language = "English",
volume = "35",
pages = "373--391",
journal = "Compare: A Journal of Comparative and International Education",
issn = "0305-7925",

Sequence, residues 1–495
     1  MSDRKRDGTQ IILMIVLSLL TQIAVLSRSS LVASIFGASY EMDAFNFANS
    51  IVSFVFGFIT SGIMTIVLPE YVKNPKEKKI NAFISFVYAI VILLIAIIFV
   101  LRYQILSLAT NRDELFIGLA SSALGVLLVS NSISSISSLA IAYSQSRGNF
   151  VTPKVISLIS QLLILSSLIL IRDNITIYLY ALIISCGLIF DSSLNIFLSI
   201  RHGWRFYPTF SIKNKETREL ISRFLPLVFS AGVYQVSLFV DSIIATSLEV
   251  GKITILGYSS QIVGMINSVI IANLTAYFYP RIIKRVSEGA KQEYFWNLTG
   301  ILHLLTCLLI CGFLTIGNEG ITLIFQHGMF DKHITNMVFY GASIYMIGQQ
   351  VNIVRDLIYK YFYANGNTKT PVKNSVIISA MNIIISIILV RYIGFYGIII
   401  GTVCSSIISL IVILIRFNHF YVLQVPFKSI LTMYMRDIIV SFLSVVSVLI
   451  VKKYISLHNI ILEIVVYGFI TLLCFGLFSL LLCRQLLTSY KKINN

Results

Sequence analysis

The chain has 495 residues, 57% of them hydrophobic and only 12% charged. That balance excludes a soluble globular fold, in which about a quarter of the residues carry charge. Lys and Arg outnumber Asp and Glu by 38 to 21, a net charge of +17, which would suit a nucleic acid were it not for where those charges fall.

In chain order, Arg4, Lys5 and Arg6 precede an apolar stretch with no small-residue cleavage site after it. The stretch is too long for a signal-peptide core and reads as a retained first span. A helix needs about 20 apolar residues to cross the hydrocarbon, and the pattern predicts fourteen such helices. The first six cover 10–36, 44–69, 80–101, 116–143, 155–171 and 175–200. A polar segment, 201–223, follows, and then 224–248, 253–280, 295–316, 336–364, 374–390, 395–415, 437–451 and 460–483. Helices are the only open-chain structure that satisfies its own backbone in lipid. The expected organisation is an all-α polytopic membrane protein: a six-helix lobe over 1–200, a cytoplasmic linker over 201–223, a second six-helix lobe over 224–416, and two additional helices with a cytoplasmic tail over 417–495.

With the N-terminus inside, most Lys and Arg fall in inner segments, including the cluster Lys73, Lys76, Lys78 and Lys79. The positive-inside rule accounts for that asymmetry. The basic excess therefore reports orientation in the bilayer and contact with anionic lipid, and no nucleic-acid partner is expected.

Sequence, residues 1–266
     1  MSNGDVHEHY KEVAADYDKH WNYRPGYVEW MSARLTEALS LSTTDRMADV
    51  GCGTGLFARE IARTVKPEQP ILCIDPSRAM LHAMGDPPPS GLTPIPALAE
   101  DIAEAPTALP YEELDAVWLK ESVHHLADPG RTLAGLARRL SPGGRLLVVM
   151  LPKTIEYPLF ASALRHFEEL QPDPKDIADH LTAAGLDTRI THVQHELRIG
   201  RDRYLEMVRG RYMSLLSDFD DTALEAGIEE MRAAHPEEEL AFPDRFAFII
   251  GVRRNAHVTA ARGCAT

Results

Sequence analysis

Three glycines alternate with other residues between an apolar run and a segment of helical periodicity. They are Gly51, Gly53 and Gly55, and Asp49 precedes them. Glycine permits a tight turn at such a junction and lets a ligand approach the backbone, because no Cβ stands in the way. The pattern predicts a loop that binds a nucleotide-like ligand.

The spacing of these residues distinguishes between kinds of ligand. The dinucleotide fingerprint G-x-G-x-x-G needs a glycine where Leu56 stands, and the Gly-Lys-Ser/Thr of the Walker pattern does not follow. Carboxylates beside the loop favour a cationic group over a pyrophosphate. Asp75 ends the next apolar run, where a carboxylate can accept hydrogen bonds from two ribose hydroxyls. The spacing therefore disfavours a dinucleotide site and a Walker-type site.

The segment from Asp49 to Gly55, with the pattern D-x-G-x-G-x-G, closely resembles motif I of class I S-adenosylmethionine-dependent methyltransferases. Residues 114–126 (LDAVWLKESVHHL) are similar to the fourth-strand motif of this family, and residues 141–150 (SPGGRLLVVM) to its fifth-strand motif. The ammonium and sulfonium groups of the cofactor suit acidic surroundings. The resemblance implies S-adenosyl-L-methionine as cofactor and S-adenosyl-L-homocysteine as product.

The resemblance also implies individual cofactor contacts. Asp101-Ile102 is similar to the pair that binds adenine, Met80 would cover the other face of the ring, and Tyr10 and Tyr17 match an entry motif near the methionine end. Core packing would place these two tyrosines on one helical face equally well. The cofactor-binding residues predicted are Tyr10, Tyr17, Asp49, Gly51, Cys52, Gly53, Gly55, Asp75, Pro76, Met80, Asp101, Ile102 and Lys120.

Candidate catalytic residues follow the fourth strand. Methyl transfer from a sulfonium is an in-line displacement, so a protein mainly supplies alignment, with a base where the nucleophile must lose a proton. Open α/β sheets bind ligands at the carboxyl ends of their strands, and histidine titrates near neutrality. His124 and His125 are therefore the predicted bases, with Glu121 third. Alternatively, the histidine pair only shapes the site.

number = "4",

}

TY - JOUR

T1 - Education in the Twent-First Century: Conflict, Reconstruction and Reconciliation

AU - Smith, Alan